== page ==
Tension notes that “throw” the ear, that say “Watch out, what was that?” and then sound “good” again are the notes that we want to hear, to make things sound good, even for a second. Otherwise after a while, nothing will sound remarkable. You can string skip, sweep arpeggio you way through, and whatever you like, but after a while, nothing’s going to sound all that interesting.
This dissatisfaction and resulting void led to my search and self-study of the guitar that spanned over a decade, and what I discovered became the very things that we teach everyday, concerning advanced guitar knowledge and applied music theory. But back to the lesson, concerning those elusive notes that I’d hear, I’d discovered them years before my journey had concluded, and these notes are shown below in white.
These were the notes, but it wasn’t until I had come out of my own journey of learning music theory that I understood what was going on with the guitar. First of all, let’s look at the elusive notes:
Finally I had discovered them, but what are they? At the time I didn’t know, but for those of you who are interested in music theory on the guitar, here it is. I wasted a good many years climbing up that mountain, before I understood theory. Its a sad moment when a guitar player realizes that for the several years they’ve been playing they really haven’t moved much at all.
As I said before, when you have music notes outside a scale, you create “tension” Tension can be good, in fact it can be very good! The outside notes in question were Major 3rds over a Minor Chord. Inside the scale, the Minor 3rd of A, is a C. A minor consists of only 3 notes: A C and E. All of these notes were found in the A Pentatonic Minor scale, so guess what? No Tension. Nothing overly interesting going on.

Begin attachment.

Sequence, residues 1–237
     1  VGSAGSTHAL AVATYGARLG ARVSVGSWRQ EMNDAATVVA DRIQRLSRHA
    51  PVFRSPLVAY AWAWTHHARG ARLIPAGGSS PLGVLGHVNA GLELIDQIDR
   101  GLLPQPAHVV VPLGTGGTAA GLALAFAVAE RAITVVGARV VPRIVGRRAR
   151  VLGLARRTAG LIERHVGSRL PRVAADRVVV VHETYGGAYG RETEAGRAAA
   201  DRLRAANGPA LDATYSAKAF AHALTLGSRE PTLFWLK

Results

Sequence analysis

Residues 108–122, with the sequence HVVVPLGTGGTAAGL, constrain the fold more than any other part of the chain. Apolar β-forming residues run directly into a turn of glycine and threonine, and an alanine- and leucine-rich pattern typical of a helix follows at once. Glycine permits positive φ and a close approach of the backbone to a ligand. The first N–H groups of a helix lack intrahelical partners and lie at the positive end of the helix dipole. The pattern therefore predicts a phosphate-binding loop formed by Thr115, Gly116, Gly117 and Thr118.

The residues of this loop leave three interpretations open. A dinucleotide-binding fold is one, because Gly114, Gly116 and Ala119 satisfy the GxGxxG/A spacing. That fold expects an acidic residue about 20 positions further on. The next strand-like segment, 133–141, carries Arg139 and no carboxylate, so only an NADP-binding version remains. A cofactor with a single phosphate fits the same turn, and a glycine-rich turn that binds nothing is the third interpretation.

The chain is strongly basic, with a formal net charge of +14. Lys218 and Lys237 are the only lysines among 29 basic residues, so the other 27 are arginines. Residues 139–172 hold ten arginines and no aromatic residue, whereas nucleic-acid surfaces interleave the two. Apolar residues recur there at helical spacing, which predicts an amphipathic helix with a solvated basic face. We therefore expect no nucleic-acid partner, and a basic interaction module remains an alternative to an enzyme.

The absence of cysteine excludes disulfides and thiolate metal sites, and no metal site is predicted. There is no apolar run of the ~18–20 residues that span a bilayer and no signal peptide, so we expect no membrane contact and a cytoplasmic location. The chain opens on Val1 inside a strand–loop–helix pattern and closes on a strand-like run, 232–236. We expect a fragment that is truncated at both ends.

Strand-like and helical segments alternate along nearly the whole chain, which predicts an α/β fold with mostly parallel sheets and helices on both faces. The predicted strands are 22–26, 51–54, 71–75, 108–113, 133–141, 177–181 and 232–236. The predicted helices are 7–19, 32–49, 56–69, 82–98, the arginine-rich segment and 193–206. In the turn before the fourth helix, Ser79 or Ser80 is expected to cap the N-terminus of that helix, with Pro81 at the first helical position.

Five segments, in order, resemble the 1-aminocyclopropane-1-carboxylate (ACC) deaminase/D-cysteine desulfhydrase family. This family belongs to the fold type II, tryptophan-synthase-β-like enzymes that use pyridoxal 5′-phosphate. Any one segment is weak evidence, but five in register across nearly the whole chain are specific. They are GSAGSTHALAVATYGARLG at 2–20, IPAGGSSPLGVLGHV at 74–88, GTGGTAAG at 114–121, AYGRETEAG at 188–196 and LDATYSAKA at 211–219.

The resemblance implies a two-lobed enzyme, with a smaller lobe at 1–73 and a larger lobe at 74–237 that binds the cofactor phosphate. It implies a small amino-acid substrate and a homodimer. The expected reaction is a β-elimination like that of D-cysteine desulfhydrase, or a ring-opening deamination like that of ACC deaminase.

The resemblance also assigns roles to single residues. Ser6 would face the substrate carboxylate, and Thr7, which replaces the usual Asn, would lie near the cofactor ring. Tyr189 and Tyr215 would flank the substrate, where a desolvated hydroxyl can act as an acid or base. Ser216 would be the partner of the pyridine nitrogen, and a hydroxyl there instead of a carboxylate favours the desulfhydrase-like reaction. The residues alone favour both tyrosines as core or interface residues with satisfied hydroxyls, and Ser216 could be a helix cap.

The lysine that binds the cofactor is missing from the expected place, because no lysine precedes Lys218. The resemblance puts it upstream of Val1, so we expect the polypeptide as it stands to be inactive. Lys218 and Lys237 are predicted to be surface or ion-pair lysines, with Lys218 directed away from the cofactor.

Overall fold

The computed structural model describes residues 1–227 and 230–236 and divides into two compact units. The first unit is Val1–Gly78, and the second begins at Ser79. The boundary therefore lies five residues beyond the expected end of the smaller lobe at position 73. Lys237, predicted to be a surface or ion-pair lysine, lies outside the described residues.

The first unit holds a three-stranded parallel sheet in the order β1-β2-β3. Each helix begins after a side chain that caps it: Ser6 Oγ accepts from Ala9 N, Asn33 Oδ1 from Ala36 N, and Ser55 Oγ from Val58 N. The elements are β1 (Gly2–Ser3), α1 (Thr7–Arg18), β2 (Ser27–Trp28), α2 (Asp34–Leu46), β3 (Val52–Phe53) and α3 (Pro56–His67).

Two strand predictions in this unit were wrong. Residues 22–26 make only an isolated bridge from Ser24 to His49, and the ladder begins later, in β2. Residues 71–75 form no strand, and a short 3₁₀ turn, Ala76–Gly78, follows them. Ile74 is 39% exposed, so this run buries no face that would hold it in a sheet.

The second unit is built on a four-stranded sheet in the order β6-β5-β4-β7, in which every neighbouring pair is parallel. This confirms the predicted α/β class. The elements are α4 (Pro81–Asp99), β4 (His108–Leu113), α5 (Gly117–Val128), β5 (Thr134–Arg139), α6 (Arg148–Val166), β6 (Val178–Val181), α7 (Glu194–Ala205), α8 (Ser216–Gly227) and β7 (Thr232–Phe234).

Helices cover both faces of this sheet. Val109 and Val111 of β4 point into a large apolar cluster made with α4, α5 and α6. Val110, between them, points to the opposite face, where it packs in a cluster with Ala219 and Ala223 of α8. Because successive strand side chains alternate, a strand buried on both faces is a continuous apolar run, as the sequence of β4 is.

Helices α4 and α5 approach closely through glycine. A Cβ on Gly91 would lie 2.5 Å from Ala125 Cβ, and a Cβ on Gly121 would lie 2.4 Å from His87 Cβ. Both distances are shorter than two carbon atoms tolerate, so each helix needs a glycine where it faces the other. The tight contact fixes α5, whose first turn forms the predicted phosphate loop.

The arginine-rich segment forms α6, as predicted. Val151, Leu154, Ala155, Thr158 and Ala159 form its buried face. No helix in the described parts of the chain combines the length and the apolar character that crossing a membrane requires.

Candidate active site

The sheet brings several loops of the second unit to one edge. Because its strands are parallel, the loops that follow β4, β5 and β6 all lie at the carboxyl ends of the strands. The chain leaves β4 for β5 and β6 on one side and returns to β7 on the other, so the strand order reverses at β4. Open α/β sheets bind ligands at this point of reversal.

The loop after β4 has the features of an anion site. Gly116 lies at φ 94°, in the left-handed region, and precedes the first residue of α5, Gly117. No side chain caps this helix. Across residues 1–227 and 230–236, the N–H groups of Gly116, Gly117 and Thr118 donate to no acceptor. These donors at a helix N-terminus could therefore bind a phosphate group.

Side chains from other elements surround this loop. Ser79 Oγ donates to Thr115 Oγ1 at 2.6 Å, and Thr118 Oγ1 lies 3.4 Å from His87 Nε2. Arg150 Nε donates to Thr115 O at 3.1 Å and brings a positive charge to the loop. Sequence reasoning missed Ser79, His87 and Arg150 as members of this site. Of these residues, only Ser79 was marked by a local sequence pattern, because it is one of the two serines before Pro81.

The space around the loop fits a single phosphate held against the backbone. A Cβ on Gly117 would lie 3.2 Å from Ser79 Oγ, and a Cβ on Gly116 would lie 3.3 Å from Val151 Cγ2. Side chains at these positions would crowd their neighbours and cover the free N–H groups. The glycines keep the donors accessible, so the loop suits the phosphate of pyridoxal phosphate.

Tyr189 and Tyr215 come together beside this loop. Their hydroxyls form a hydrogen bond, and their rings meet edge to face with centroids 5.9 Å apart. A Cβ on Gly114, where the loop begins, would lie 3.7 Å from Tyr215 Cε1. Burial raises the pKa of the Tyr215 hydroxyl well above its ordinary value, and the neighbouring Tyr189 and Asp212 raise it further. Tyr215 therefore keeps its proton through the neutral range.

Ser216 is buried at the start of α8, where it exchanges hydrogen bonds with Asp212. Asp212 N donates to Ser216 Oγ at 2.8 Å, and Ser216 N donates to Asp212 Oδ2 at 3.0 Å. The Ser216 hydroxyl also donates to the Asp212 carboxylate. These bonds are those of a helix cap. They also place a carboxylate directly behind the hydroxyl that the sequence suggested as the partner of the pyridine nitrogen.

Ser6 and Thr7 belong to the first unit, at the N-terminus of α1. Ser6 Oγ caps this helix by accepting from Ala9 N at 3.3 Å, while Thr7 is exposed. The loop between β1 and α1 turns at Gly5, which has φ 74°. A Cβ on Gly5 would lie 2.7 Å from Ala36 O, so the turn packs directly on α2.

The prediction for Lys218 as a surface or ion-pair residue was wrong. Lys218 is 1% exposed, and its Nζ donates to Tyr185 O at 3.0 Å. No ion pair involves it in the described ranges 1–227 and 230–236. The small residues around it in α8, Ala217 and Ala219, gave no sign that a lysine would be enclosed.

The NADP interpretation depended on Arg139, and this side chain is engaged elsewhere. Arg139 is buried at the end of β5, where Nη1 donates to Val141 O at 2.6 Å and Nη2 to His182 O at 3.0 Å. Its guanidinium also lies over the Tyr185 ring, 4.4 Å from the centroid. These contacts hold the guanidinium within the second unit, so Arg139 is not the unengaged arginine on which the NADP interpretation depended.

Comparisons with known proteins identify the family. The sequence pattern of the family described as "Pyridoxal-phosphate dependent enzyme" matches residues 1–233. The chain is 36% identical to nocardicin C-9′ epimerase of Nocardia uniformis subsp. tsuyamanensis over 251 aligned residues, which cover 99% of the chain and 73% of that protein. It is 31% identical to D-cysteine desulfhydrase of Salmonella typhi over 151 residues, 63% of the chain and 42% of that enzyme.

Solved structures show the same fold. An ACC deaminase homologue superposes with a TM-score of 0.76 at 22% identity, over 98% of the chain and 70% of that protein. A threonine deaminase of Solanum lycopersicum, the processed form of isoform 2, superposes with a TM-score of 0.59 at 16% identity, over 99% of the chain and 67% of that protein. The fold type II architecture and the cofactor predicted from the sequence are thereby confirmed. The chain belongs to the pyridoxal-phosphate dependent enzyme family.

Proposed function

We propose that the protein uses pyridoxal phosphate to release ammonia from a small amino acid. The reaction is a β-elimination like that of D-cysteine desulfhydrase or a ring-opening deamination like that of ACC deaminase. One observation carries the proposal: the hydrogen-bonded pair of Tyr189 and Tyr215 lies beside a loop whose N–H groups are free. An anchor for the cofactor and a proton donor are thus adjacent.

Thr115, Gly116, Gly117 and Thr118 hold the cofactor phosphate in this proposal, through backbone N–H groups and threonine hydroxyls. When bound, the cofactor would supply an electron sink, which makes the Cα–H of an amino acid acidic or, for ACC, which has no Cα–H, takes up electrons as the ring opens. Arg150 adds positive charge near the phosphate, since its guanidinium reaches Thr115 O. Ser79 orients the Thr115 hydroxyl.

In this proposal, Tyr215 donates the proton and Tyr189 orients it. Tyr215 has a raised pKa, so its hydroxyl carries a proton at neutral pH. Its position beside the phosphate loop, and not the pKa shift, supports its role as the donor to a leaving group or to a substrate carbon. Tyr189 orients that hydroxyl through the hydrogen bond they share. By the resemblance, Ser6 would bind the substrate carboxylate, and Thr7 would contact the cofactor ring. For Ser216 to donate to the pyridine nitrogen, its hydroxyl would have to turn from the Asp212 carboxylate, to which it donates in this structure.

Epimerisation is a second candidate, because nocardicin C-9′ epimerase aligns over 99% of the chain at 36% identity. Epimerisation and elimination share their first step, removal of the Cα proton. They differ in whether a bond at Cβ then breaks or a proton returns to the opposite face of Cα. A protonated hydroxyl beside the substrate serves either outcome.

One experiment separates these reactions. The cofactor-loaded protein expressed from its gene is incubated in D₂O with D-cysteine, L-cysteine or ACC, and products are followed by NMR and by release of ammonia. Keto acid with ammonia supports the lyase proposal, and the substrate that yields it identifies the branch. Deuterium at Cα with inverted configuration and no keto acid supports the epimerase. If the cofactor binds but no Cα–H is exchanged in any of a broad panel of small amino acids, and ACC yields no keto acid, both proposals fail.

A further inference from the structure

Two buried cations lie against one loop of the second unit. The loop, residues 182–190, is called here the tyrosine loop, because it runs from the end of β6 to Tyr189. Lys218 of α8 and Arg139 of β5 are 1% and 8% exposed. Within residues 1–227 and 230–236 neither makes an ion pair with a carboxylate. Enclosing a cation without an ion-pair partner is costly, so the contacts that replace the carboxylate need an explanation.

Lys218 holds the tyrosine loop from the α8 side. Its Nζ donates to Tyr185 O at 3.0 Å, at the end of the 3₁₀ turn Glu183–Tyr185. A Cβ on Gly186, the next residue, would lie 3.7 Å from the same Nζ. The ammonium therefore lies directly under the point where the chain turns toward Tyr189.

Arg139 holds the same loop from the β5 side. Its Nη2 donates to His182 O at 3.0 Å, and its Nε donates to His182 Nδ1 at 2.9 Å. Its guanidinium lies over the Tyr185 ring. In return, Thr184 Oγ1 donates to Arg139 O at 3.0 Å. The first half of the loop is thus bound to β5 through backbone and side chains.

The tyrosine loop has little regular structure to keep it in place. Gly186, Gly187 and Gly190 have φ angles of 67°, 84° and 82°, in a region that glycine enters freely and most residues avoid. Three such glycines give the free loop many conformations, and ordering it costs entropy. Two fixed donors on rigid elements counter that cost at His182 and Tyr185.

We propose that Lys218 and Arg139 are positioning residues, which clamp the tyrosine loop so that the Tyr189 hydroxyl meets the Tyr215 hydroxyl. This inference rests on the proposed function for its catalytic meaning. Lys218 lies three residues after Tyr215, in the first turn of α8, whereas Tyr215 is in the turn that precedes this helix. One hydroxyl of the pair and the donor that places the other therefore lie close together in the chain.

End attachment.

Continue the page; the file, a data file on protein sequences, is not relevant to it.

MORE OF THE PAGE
The A Major Chord has the 3rd raised a half step making the notes A C# and E. This C# Played in the A Minor scale created a dissonance (temporarily) of Major versus Minor, which….added interest and shine to the lead licks I was hearing. Instantly this little trick of playing Major 3rds mixed in against my usual Minor Pent licks worked perfectly. Now you can use them too. A couple of notes about them though:
If you land and stay on the note, be prepared for a jolt. It will sound off and wrong, and create and maintain a lot of TENSION.
The best way to use them, is to consider them specific “Passing” notes that you can use to add a little zing to your playing. Use them on the way to a note that you’re ultimately going to resolve to. This very quick tension and release, is very effective, and has a “What was that? Oh now it’s gone approach” that the ear LIKES.
If you too would like to unleash your own applied knowledge of the fretboard, or perhaps learn to instantly name the notes of any chord like a computer, or analyze what you are playing to gain further insight and development from theory as its applied to the guitar, like I have demonstrated in this little lesson, consider enrolling as a student in our Academy – the first course is absolutely risk free. You can learn guitar theory easy online at your own pace. Have a look at our site at www.rnbacademy.com, and let us know if we can help. We are a real school that operates every single day in South Texas, and has been helping area guitarists since 2004. We are absolutely passionate about helping guitarists totally master their understanding of their instrument.
In the meantime, have fun and happy jamming!